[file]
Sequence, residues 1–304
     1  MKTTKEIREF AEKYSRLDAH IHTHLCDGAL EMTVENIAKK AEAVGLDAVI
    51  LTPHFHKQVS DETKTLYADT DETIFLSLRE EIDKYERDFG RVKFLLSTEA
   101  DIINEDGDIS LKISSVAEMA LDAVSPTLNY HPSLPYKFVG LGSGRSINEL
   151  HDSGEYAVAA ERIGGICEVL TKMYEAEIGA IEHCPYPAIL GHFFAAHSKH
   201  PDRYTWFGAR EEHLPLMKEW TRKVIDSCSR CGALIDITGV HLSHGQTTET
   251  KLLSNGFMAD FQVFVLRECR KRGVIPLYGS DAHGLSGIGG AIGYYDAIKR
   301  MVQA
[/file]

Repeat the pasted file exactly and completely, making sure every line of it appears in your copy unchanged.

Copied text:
Sequence, residues 1–304
     1  MKTTKEIREF AEKYSRLDAH IHTHLCDGAL EMTVENIAKK AEAVGLDAVI
    51  LTPHFHKQVS DETKTLYADT DETIFLSLRE EIDKYERDFG RVKFLLSTEA
   101  DIINEDGDIS LKISSVAEMA LDAVSPTLNY HPSLPYKFVG LGSGRSINEL
   151  HDSGEYAVAA ERIGGICEVL TKMYEAEIGA IEHCPYPAIL GHFFAAHSKH
   201  PDRYTWFGAR EEHLPLMKEW TRKVIDSCSR CGALIDITGV HLSHGQTTET
   251  KLLSNGFMAD FQVFVLRECR KRGVIPLYGS DAHGLSGIGG AIGYYDAIKR
   301  MVQA